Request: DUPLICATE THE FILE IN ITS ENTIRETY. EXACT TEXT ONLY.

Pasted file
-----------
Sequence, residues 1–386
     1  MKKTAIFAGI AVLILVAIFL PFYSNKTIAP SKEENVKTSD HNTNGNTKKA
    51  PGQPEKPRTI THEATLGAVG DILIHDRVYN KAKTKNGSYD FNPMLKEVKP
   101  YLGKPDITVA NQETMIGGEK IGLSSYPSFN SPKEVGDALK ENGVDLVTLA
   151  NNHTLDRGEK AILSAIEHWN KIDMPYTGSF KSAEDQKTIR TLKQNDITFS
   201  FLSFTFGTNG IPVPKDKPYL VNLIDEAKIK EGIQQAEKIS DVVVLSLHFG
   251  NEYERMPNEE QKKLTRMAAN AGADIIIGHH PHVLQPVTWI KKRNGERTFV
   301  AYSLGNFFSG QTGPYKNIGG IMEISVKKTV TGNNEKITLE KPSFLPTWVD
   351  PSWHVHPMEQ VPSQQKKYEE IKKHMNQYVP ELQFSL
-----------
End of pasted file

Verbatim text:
Sequence, residues 1–386
     1  MKKTAIFAGI AVLILVAIFL PFYSNKTIAP SKEENVKTSD HNTNGNTKKA
    51  PGQPEKPRTI THEATLGAVG DILIHDRVYN KAKTKNGSYD FNPMLKEVKP
   101  YLGKPDITVA NQETMIGGEK IGLSSYPSFN SPKEVGDALK ENGVDLVTLA
   151  NNHTLDRGEK AILSAIEHWN KIDMPYTGSF KSAEDQKTIR TLKQNDITFS
   201  FLSFTFGTNG IPVPKDKPYL VNLIDEAKIK EGIQQAEKIS DVVVLSLHFG
   251  NEYERMPNEE QKKLTRMAAN AGADIIIGHH PHVLQPVTWI KKRNGERTFV
   301  AYSLGNFFSG QTGPYKNIGG IMEISVKKTV TGNNEKITLE KPSFLPTWVD
   351  PSWHVHPMEQ VPSQQKKYEE IKKHMNQYVP ELQFSL